AR, GERD and AERD are common conditions among adults with asthma. To date, however, prevalence estimates of these conditions among adults with asthma vary widely [16, 25, 26]. Furthermore, population-based information on the impact of each condition on asthma outcome is scarce, especially with regard to exacerbations that considerably increase morbidity and health care needs [27]. Against this background, we aimed to assess population-based data on the prevalence of AR, GERS and AERD among adults with asthma and examine the association of these comorbidities with asthma exacerbations requiring hospital care in the past 12 months in the framework of a national health interview survey.

Methods

Study design and study population

GEDA (“German Health Update”) is a periodically repeated national health interview survey of adults (18 years and older) as part of the continuous health monitoring system in Germany [28]. The target population for the 2010 GEDA survey comprised all adults residing in private households with landline telephones who could fluently speak and understand German language. A two-stage sampling procedure was applied. A random digit dialing method was used for sampling at the household level [29]. At the individual level, the ‘last-birthday-method’ was applied in order to select those adult members of the contacted households who most recently had their birthday prior to the date of the first contact to the respective household [30].

As the participation in the National Health Telephone Interview Surveys is voluntary, at no costs to the survey participants, and because the study has no medical relevance for individual survey participants (no medical research involving human subjects is being conducted) an ethics approval was not compulsory. In terms of data protection and informed consent the study was approved by The Federal Commissioner for Data Protection and Freedom of Information. Verbal informed consent was provided by all participants prior to the interview.

Between September 2009 and July 2010, 22,050 individuals aged 18 years and older were surveyed at one particular point in time. The corresponding cooperation rate at the individual level was 55.8% which represents the cooperation rate at the respondent level [31]. The present analysis is restricted to participants with current physician-diagnosed asthma, defined as an affirmative response to two consecutive questions about whether they had ever been told by a physician that they had asthma and whether it had been present within the past 12 months.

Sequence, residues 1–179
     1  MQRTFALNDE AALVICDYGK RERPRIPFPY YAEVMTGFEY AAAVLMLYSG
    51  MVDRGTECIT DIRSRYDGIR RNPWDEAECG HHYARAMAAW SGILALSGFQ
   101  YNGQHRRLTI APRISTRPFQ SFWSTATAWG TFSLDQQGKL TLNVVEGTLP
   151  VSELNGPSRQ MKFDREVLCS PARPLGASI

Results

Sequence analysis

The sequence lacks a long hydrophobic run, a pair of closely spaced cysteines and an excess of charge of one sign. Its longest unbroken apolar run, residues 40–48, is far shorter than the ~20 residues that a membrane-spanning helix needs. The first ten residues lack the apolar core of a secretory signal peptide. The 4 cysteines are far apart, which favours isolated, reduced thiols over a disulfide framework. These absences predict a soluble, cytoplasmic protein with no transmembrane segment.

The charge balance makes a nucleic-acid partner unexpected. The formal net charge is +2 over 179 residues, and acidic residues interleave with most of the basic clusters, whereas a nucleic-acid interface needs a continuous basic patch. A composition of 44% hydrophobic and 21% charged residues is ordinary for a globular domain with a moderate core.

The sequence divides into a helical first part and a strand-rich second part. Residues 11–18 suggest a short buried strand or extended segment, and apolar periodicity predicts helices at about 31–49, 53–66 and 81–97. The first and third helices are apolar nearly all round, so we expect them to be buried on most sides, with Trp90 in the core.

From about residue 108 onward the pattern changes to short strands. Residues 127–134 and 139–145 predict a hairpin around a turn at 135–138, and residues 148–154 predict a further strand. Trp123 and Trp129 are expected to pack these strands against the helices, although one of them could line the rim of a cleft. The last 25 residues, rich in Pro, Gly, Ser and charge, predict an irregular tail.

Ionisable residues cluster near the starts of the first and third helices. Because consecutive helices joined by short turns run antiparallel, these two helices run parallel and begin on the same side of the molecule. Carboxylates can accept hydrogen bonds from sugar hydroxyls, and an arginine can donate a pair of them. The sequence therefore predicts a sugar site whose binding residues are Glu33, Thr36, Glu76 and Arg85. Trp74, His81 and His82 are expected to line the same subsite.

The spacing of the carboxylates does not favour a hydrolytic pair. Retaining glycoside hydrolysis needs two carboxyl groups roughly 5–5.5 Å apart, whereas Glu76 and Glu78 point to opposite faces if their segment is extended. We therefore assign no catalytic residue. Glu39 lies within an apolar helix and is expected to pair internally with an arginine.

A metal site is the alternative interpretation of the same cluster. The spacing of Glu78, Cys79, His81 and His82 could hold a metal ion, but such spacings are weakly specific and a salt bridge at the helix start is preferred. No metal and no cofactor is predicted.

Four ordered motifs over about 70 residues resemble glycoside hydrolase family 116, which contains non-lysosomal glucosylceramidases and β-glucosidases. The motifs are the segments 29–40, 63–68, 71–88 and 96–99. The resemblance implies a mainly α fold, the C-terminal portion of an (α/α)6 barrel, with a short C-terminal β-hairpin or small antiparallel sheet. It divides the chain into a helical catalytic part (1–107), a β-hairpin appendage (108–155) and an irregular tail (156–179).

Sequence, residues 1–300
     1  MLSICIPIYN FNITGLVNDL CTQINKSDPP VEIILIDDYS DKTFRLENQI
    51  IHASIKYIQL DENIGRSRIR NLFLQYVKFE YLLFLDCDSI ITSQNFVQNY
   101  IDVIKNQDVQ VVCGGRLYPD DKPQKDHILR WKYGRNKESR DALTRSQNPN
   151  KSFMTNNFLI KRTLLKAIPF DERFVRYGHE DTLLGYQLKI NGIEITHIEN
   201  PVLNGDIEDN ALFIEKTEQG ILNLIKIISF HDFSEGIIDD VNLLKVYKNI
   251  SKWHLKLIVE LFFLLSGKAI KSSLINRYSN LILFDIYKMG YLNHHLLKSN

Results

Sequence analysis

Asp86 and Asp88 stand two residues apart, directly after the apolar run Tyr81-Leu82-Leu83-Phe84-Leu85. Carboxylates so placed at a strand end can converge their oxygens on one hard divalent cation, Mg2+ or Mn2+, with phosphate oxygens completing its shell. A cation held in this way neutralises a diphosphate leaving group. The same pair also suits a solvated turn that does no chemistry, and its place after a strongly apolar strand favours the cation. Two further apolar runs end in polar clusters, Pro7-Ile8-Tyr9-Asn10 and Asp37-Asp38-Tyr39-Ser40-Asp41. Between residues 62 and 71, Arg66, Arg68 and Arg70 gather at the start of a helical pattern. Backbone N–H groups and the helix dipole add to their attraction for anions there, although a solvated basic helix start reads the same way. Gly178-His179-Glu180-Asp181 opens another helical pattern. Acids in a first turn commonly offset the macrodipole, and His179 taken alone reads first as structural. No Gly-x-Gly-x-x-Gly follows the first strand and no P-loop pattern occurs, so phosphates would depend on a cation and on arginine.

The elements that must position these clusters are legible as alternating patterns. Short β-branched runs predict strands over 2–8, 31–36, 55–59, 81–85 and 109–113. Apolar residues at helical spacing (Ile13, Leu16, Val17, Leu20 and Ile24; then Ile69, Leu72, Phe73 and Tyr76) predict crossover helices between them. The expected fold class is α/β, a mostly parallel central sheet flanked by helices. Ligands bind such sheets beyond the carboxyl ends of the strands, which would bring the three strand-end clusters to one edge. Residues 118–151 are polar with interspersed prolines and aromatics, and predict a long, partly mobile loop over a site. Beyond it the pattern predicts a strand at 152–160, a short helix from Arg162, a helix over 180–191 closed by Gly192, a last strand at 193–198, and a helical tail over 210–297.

Data collection

Information on health status, medical history, health-related behaviour, socio-demographic and anthropometric variables was collected based on computer-assisted telephone interviews (CATI). Interviews were performed by interviewers, who were trained and supervised according to guidelines of the Behavioral Risk Factor Surveillance System of the Centers for Disease Control and Prevention, applying a highly standardized protocol [32].

Among participants with current asthma, information on the age of asthma onset, asthma-related health-care utilization (hospitalizations and emergency department admissions) and the history of concomitant conditions (nasal allergy including hay fever, GERD-like symptoms (heartburn or acid regurgitation), intolerance to analgesics, and nasal polyps) was assessed and the asthma outcome was defined as any vs. no exacerbation requiring asthma-related hospitalizations or emergency department (ED) admission in the past year. Although it would be ideal to include information on the application of systemic corticosteroids in the definition of an asthma exacerbation [27], our data permit an approach to define a moderate asthma exacerbation according to the American Thoracic Society and European Respiratory Society [27].

Body mass index (BMI) was calculated by dividing self-reported weight (kg) by height (m) squared. According to the criteria of the World Health Organization, BMI status was categorised as obese (BMI ≥30 kg/m2), overweight (25 kg/m2 ≤ BMI <30 kg/m2) and non-overweight/non-obese (BMI <25 kg/m2) [33]. Educational attainment was classified as primary, middle or high according to the 3-level ISCED (International Standard Classification of Education) [34]. Smoking status was classified into three categories (current, former, and never) [35]. Based on the respective response to the question ‘Do you smoke – even occasionally?’ [36], study participants who responded ‘yes, daily’ or ‘yes, occasionally’ were defined as ‘current’ smokers, those who answered ‘no, I quit smoking’ were defined as former and those who answered ‘no, I never smoked’ were defined as ‘never’ smokers.

Statistical analyses